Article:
Open up the main compartment and here is your camera storage area. It’s very well contained to itself.

In the top drawstring area you’ll spot a laptop pocket in the back. But otherwise it’s a vacant space for anything and everything.

Build Quality

Maybe I should get the bad part out of the way first. Basically, I think that this has the be the ugliest buffalo leather that I’ve ever seen and Tarion should be ashamed about using it. But it does a good job of keeping clean and the overall bag is designed for security at an affordable price. It more than does its job. Everything feels pretty high quality. In terms of its design and approach, I believe this to be questionable, but for security purposes you’ll find that it all works perfectly. For quick access? Nah. It’s not happening.

Ease of Use

The Tarion M-02 is a pretty simple bag to use. You’ll configure the main inside pocket to however you want it to be. It’s best used for mirrorless cameras and perhaps one or two lenses is what I’ve found. It keeps things very tight and compact with just enough padding to satisfy most people without swaddling your gear in the latest sheets from Bed, Bath and Beyond. If you really want quick access to your gear, your best bet is to stick your camera with a lens attached into the top of the bag with no padding or anything. Most cameras are tough enough to take the abuse. The side pockets are great for a book, keys, passports, wallets, eye drops, etc. There is a fair amount of room.

When it comes to accessing your gear, you’ll surely need to put the bag down, open it up and get to it. With that said, if you’re in the rain, consider taking cover. You’ll need to open up the whole lower compartment to access anything. You’ll also need to undo the top flap enclosure. To get the most use of this bag, I’d recommend using something like a Peak Design Capture Clip or using a really nice, long strap to give you freedom of movement. When you want to change lenses, get ready to settle down for a while. For this reason, this bag could be perfect for landscape photographers, travel photographers, etc. But if you’re a photojournalist that needs quick access and that literally need to change lenses on the move the way that I did when I was younger, I can say with will certainty that you’d be making an awful decision with this bag despite its very attractive price point.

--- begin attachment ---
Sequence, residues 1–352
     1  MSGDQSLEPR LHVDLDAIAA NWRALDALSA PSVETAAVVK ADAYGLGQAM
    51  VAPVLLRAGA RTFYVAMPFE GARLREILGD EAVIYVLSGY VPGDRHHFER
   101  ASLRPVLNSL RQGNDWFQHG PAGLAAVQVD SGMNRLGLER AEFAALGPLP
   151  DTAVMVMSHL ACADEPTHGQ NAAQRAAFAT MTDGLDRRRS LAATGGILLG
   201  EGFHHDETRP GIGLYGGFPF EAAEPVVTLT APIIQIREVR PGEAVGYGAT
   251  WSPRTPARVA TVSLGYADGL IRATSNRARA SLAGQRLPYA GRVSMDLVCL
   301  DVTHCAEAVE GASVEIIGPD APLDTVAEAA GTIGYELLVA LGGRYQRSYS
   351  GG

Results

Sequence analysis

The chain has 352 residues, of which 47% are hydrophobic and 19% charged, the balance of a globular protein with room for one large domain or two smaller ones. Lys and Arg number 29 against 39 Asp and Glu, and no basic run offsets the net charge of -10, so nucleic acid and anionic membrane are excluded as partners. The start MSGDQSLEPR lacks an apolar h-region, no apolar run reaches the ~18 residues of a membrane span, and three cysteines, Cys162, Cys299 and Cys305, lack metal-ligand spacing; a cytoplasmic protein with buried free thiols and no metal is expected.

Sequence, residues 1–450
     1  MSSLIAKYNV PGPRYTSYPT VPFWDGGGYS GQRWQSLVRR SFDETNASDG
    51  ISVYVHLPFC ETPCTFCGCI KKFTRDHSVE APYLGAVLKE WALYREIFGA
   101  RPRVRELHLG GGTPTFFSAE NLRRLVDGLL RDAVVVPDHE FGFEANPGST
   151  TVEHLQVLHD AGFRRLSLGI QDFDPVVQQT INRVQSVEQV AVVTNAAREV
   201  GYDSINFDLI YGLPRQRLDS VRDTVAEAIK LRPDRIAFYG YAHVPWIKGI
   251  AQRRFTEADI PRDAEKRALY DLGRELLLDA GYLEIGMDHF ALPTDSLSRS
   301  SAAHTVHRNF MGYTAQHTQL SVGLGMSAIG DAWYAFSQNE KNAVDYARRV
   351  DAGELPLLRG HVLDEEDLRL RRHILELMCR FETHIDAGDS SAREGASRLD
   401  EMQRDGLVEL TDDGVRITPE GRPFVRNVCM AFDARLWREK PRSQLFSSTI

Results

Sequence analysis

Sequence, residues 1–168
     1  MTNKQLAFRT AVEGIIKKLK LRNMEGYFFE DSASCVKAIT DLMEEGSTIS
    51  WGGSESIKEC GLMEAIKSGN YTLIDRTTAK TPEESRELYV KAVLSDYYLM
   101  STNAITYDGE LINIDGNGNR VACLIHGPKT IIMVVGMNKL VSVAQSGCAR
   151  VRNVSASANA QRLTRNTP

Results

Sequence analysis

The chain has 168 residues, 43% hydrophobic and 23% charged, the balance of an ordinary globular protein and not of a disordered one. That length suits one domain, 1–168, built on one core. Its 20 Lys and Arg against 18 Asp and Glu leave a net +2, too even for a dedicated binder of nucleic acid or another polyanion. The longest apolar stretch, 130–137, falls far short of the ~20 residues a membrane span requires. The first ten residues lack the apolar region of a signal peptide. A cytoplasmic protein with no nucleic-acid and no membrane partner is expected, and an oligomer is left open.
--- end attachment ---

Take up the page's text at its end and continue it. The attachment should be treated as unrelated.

Storing a tripod on the bottom is simple enough. This feature is one that I’ve seen very few companies implement but it should be an industry standard for landscape and travel photographers. Personally speaking, I rarely need a tripod because I’m trained to handhold to 1/15th. But when I do, I like it to be in a comfortable spot.

A feature that I found to very nice is the overall size. It stays compact and doesn’t become a super large pod on your back. Instead, it’s very versatile to keep on your back while in the crowded NYC subway. For courtesy reasons, I’d still take it off and place it on the ground.


For the price point, I think that I really like the Tarion M-02. But I think that I’d never use it again. I need quicker access (not super fast), something more stylish, a few more straps for extra security, and I’m really a big fan of roll top backpacks these days. For most photographers who own a car though, you wouldn’t need to worry about most of the issues that I need to while being a packrat and exploring a city.

The Tarion M-02 earns four out of five stars. Want one? They’re really cheap on Amazon.

Chris Gampat

Chris Gampat is the Editor in Chief, Founder, and Publisher of the Phoblographer. He also likes pizza.